Last updated on August 24 by Shawn Lentz
One of the most critical attachments for your compound bow is your sight. It adds unmatched accuracy and the ability to shoot at longer distances with more precision.
Sure, you can practice and master instinctive shooting on a compound by practicing very diligently, but for most of us, it is a vital part of the bow setup.
Single-pin, multi-pin, dovetail, pendulum, rangefinding… There are a ton of bow sight styles with many nuances as designers come out with evermore creative innovations.
Whether it is for sport or the hunt, the ultimate goal with compound bow sights is dead-on and repeatable accuracy at any effective range. In this article, we take you through our top picks.
|PRODUCT||OUR RATING||PRICE||BUY ONLINE|
|Trophy Ridge React Pro Sight||$$||check on Amazon|
|Trophy Ridge Volt 5-Pin Bow Sight||$||check on amazon|
|IQ Bowsights 5-Pin Micro Bowsight with Retina Lock||$$||check on amazon|
|Trophy Ridge Pursuit Vertical Pin Bow Sight||$||check on amazon|
|HHA Optimizer Lite Ultra 5019 Sight||$$$||check on amazon|
|Spot-Hogg Fast Eddie XL MRT 5-Pin Bow Sight||$$||check on Amazon|
|Burris Optics Oracle Rangefinder Bow Sight||$$$||check on amazon|
Trophy Ridge has kicked it up a notch with the React Pro bow sight. All you have to do is dial in your top two sight pins. At that point, the React Pro automatically adjusts for the 40, 50, and 60-yard pins using the mathematical calculation of an arch. No more taking hours unscrewing each individual pin and moving it up or down to sight them in.
You can choose between left or right-hand oriented sights. You also have the choice between the small 0.019″ sight pins or ultra-small 0.010″ sight pins. The smaller diameters help by not covering up your target completely. But, they can also take some getting used to if you normally use 0.029″ pins.
Ultra-bright fiber optic pins will help you see better during inclement weather, or when you’re at full-draw on that big buck at the last minute of the day. Where legal, it also has a port to attach a rheostat light to the outside ring of the sight housing. The rheostat light helps light up those pins during low light conditions, or when you’re inside a blind at first legal light.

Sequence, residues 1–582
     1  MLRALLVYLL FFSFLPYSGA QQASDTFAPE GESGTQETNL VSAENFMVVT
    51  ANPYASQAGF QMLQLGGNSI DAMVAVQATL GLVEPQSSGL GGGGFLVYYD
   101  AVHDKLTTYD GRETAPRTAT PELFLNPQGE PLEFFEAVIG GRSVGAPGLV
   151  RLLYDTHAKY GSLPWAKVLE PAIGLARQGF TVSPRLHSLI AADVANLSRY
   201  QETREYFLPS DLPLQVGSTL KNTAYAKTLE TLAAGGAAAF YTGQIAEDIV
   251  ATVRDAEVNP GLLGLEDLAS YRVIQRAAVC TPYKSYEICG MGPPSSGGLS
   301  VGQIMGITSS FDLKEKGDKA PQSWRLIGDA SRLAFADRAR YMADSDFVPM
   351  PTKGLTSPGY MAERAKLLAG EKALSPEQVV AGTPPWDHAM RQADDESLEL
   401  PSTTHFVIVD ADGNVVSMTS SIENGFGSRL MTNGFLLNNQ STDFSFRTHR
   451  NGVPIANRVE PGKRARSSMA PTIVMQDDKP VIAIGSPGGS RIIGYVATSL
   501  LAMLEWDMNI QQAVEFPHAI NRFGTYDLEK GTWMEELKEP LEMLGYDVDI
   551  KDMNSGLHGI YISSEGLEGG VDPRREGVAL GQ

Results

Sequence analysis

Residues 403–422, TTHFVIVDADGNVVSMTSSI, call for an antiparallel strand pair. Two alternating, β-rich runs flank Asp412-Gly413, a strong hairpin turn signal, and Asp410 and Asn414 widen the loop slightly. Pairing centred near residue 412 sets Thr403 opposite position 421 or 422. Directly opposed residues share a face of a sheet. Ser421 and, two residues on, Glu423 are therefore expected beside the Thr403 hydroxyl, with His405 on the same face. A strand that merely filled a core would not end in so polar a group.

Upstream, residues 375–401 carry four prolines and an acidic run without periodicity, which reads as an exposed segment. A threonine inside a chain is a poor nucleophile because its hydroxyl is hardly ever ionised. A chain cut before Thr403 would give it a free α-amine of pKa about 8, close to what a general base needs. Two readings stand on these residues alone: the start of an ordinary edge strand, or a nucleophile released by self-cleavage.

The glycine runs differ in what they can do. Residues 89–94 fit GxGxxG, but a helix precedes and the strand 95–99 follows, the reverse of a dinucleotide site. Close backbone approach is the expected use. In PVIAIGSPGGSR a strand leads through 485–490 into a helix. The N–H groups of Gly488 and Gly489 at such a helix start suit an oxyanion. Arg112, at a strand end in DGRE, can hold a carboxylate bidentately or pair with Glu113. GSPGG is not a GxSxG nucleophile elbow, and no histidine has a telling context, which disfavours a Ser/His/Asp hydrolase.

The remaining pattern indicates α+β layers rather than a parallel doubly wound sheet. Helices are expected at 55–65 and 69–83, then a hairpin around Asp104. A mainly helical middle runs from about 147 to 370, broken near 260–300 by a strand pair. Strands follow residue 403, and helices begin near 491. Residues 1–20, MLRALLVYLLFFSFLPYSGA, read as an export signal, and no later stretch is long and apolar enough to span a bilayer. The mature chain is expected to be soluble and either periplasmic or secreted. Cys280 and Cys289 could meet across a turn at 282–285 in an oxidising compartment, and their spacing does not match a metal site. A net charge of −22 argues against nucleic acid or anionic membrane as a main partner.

Put that Allen wrench set away—archers will rejoice about the tool-less micro-adjustment features. This is an awesome feature that not only allows windage and elevation adjustments, but also adjustments along the second and third axis.
Given the price, reliability, and highly adjustable tool-less nature, The Trophy Ridge React Pro gets our stamp for best compound bow sight. We think you will agree!
● Bottom three pins adjust themselves
● Make sight adjustments without tools
● Small pins won’t cover target
Next up is our pick for compound bow sight with the best value. And the winner goes to Trophy Ridge Volt 5-Pin bow sight. It doesn’t have tool-less micro-adjustability, so you will have to go old-school with an archer’s tool. But, if that doesn’t bother you, it’s a great value for the price.
With the reversible mount, you can set up for right or left-handed use. This fixed, multi-pin sight comes with five sight pins that contain ultra-bright fiber optics. Laser-etched markings will help you keep track of your placements for windage, elevation, and pin adjustments.
The first and last hour of light can make looking through your peep and bow sights like looking into a black void. The Volt’s rheostat light offers you varying degrees of brightness on your fiber optic pins and will make a big difference in those low-light situations. The green hood accent ring helps with sight acquisition, and the level inside the sight housing assists with aligning your shots.
The Volt 5-Pin archery sight comes with 0.019 pins, which is a great size for maintaining accuracy and not blocking out your entire target.